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Fight Like a Girl: Greta Fortenberry’s Story of Surviving Breast Cancer

According to the American Cancer Society, breast cancer is the most common cancer found in women in the United States, except for skin cancers. Overall, the average risk of a woman in the US developing breast cancer at some point in her life is 13%, and it is estimated that in 2023, 297,790 cases of invasive breast cancer will be diagnosed. Since half of all women are between 45 and 62 years of age when diagnosed, Anderson resident Greta Fortenberry never expected that breast cancer would be a reality for her at 74 years old. But when it did become a reality, Fortenberry was determined to do whatever it took not to be one of the 43,700 women who eventually died from the disease.
On April 12, 2023, Greta Fortenberry went for her annual mammogram at Anderson Radiology, as she has done for years. When she was called back to do a follow-up mammogram on her right breast, she was not alarmed or overly worried because she had been called back before, and it was always nothing. She’d had no signs or symptoms that anything was wrong, so she thought this time would be like all of the others. On May 2, she had to return to have an ultrasound and a biopsy done, and on May 4, she and her husband returned for the results. As per the usual routine when coming for a results visit, the Fortenberrys were met by Lori Milford, who escorted them to her office and asked them to have a seat while she went to get the doctor who had performed the biopsy.
“I immediately looked at my husband and said, this is not normal,” Fortenberry recalls.
When the doctor came in to go over the results, she delivered the news—breast cancer. It was decided immediately that Fortenberry would return on May 9 for a breast MRI, and on May 10, she would go to Piedmont Surgical Associates to see Dr. William Buice.
“Dr. William Buice was a good choice,” says Fortenberry.
Dr. Buice laid out the options. The first was a Lumpectomy, removal of the tumor(s) only. The next option was a Mastectomy, the removal of the entire breast. The last option was to do nothing and wait and see what happened. The Fortenberrys wanted to discuss these options, so they stopped for tea and french fries and weighed them out.
“While we were out, Dr. Buice called to say he had the results on some pathology reports he’d been waiting on. I instantly told him that I had thought about everything and told him since I am 74 years old, that if I had the Lumpectomy, I could possibly be back in 2 or so years facing the same situation, so I had decided on having the Mastectomy,” Fortenberry said.
Her surgery was scheduled for May 30, and everything went very well. After two follow-up visits with Dr. Buice, Fortenberry was assigned to the Anderson Cancer Center Oncology and Hematology to see Dr. John Doster, who Fortenberry says is “another great choice.” After discussion, Dr. Doster and Fortenberry determined her best treatment plan was to take a pill daily for up to 5 years.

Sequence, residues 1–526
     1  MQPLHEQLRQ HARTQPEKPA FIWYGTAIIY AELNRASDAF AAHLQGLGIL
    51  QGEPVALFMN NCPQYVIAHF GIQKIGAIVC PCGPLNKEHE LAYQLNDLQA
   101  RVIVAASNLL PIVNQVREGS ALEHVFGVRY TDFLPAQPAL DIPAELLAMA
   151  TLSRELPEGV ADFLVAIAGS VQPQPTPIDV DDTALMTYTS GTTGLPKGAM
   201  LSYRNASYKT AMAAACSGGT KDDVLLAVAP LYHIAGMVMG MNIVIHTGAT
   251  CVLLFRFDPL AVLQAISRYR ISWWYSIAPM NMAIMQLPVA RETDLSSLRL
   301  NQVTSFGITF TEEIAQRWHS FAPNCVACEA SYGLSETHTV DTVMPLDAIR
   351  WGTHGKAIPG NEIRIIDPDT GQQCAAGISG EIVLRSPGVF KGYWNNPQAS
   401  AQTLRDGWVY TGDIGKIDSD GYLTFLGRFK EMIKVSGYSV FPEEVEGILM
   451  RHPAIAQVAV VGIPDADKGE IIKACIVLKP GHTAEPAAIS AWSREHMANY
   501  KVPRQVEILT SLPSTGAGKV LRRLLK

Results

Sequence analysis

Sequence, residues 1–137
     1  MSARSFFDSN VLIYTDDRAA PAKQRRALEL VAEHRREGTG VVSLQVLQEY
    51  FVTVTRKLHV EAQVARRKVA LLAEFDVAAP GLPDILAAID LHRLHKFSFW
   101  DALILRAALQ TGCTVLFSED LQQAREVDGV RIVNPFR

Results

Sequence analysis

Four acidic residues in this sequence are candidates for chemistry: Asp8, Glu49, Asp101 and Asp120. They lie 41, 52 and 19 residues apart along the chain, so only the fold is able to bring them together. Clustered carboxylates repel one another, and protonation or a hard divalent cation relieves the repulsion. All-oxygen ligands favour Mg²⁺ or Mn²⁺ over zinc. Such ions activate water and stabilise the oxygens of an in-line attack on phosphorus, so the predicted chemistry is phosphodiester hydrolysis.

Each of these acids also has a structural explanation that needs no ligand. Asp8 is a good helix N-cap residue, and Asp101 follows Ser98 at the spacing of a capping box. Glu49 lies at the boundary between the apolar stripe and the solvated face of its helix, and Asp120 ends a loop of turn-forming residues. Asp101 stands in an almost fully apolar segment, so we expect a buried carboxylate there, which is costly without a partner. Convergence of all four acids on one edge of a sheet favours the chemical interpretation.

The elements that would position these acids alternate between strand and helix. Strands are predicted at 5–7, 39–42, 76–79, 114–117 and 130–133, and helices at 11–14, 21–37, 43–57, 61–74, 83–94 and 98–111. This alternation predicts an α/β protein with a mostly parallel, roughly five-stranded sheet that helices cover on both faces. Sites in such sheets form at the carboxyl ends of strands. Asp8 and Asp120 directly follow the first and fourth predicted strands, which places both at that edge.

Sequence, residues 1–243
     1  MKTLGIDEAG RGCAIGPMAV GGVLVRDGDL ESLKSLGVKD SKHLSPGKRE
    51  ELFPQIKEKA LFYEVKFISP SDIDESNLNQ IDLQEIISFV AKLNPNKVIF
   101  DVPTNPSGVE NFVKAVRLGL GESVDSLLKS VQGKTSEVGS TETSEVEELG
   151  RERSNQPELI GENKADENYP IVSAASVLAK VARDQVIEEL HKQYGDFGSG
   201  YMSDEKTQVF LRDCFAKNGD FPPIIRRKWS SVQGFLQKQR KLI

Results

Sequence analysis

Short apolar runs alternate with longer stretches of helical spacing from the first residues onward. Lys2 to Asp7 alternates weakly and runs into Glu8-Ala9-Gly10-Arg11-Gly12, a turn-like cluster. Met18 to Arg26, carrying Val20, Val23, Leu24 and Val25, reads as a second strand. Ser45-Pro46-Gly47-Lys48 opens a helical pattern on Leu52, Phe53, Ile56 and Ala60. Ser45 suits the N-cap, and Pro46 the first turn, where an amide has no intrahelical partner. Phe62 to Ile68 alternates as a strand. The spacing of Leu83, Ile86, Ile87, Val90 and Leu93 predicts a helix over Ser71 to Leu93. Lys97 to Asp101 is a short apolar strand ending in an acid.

“The first medication had side effects, so at my visit on July 21, 2023, we changed my medication, and so far, I have been doing really well with this one,” says Fortenberry.
Fortenberry urges women never to stop doing at-home self-breast exams on a weekly basis. She had been doing them weekly until her mid-sixties, and at that point assumed she was past the age of risk, so she stopped. There was no family history of breast cancer either. There were a few other types of cancer, which Fortenberry didn’t put out of the realm of possibility, but she never thought breast cancer would be an issue.
“Having breast cancer is not like it was 10, 15, or 20 years ago. It is more easily detected with weekly self-exams and annual mammograms. Early diagnosis is the answer for the best treatments,” states Fortenberry.
As for how she dealt with having breast cancer and stayed strong and determined to beat it, Fortenberry has lots to say.
“Finding out I had breast cancer was, to me, The First Day of the Rest of My Life. I knew I had changes and challenges ahead of me, and I refused to give in to any of them. I still have challenges ahead of me, but I plan to win it all. I did not think of myself at first but of my family. I knew it was not self-pity nor woe is me time, but time to get strong and fight like a girl time. I knew and still know that God has to be in control and needs to control this until the finish line. Mourning a sickness or death is only digging ourselves into holes and places we may not be able to recover from, but positive thinking and praising God as he raises us up and readies us for what we are about to face and what He has in store for us gets us through.”
At this stage, Fortenberry wants to help others. She has a wonderful support group of her husband, children and grandchildren, friends, and church family, but many have no one. They need the fighters and survivors to become their support group. Says Fortenberry,
“Contact the AnMed Cancer Center Support Services. They’ll rally around you and call on us who can help. Don’t fear asking for help or prayers, but never ask for pity. We’re our own best support unit, and we have to do it with sincerity and faith. But we need others, too.”
Fortenberry says that enough good things cannot be said about the physicians, nurses, and support staff at AnMed and Anderson Radiology during this experience. She recalls Melissa Haynie of AnMed Cancer Support Services telling her about what their group does to help cancer patients, and she was at the hospital with Fortenberry when she had her surgery and during her first visit with Dr. Doster. Amy Elgin with the Cancer Support System even helped by completing insurance forms, taking that worry off the Fortenberrys. Impressions, who supplied her artificial breast and bra, were also wonderful.
“They are there for us physically and mentally,” says Fortenberry.